Lufkin faced Series-like opponents before even making it to Lamade

Before ever reaching the Little League World Series, Lufkin, Texas experienced Series-like competition.

A lot.

The road to South Williamsport was filled with perennial Texas powerhouses and Lufkin played three past qualifiers five times. Lufkin defeated 2003-04 qualifier Lamar, 3-time qualifier Pearland twice and 3-time qualifier San Antonio just to reach the Series.

It might not be shocking then that Lufkin reached Wednesday’s winner’s bracket final undefeated this summer. They certainly entered this tournament battle-tested. Who wins the U.S. Championship remains to be seen, but no team here took a more difficult journey as it pursued that goal.

“We went down there in Houston (for states) and we really didn’t know what to expect out of Pearland and Lamar and they were real good,” Lufkin manager Bud Maddux said. “We didn’t know what we were getting into but we felt like we could compete. There’s a talented bunch of young men on this team and they get after it hard every morning and every afternoon.”

Lufkin started its Little League just six years ago. Lamar, Pearland and McAllister Park in San Antonio have ruled Texas for quite some time.

And those teams are not just qualifiers. They are doing big things when they arrive at the Series. Lamar was the U.S. Runner-up in 2004, Pearland was in 2010 and 2015 and San Antonio was in 2009. Pearland and San Antonio had played at the Series in each of the past three years.

Not that the players cared much about the past. They cared about making their own mark.

“As you’re watching, you worry, ‘can we compete?’ But this was the team’s goal when they got together and this is a special team team with special players,” Lufkin Recreation and Parks director Mike Akridge said. “They played Pearland and I was scared, but they were not intimidated by playing the bigger towns. That says a lot about the 12-year old kids.”

Lufkin defeated Lamar, 7-3 in its first state tournament game and Pearland, 14-2 in its second. It then downed Pearland again in the final, winning 10-3 and capturing its first state championship since 2012.

It was against McCallister Park at that Southwest Regional, however, that would provide Lufkin its toughest test. It was against McAllister Park that Lufkin showed it is every bit as tough as it is talented.

After winning its first regional game, Lufkin quickly fell behind 2016 Southwest champion McAllister Park, 7-0. Beating that powerhouse is tough enough. Trying to do so after spotting it seven runs seems easier than climbing the Rocky Mountains.

But that is what Lufkin did. A team labeled, “The Thundering 13,” thundered back and illustrated exactly what makes them so good. Lufkin forced extra innings after tying the game, 8-8 before falling behind again in the seventh by two runs. Lufkin was one strike from losing when Chandler Spencer hit a game-tying 2-run home run. Lufkin scored the winning run a few moments later and reached the final against all odds.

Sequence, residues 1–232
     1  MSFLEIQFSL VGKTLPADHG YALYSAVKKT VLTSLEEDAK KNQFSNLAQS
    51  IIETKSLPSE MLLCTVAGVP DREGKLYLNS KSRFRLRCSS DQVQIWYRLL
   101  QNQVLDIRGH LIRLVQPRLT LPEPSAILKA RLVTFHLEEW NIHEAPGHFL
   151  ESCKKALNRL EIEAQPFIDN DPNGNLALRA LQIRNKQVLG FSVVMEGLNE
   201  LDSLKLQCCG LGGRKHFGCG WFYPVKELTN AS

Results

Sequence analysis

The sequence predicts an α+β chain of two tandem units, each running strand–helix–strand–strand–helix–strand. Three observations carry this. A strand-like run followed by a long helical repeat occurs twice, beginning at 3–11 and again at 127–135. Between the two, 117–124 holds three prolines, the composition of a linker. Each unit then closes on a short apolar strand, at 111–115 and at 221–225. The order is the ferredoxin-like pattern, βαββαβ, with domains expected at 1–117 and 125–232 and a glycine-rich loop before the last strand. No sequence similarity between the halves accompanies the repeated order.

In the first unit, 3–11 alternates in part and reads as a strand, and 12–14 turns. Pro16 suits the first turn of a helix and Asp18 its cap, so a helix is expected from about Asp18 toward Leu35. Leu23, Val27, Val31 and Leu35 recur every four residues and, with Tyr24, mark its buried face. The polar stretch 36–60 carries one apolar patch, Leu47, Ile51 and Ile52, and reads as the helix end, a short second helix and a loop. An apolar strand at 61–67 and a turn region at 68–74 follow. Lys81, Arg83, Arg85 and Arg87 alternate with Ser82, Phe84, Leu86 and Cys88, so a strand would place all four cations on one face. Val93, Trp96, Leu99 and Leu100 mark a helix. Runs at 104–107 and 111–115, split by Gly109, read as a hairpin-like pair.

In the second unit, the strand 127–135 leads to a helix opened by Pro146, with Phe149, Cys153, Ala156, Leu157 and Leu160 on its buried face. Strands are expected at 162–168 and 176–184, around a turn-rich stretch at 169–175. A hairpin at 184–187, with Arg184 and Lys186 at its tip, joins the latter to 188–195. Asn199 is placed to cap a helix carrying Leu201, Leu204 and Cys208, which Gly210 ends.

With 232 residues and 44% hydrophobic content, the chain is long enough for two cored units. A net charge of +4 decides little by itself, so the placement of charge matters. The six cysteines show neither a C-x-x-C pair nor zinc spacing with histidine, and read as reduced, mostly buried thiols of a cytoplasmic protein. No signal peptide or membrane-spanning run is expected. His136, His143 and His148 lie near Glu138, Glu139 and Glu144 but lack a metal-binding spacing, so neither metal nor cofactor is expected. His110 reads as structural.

“We threw the ball away early and they scored and we didn’t hang our head and go backward,” Maddux said. “They held their heads up and kept them high and came back strong to win the game. They could have quit right there, but they were mentally prepared to win the game.”

“Like with so many different sports, to be mentally tough and to keep your perseverance through adversity is tough and for the kids to do it the way they have like these kids have done is impressive,” Lufkin Parks and Recreation assistant director Matt Hubert said. “For them to stay mentally tough and sharp on the big stage is amazing. They’ve handled it well.”

McAllister Park, though, was not finished. It worked its way through the loser’s bracket and earned a championship rematch against Lufkin. This time, pitching and defense dominated the game. Lufkin led 1-0 entering the fifth inning but a throwing error tied the game, 1-1.

Again, Lufkin showed the kind of poise some players twice their age do not. Pitcher Hunter Ditsworth stranded the tying run at second base with no outs and Clayton Wigley came off the bench to deliver the hit of his life, a go-ahead home home run in the top of the sixth. Collin Ross closed it out in the bottom of the sixth and the final giant was slayed. Lufkin was the near giant killer, the new Texas king.

The former rulers now have become some of Lufkin’s biggest supporters. The team has not only proved itself strong on the field, but off it as well. All three powers did not like losing to Lufkin, but now are among those hoping the most that they keep winning.

So are those in Lufkin who are embracing this team like they do their favorite college and professional teams. Because, heck, right now Lufkin is providing the best show in town.

“We beat those teams and then they jumped on the train,” Akridge said. “Pearland and Houston and Lamar hopped on board and gave us great support. We have so many teams behind us and that’s such a good thing for what this thing does for what this does for the communities. This is a great thing for everybody involved.

These 11-12 and year old kids have done a great thing for us.”

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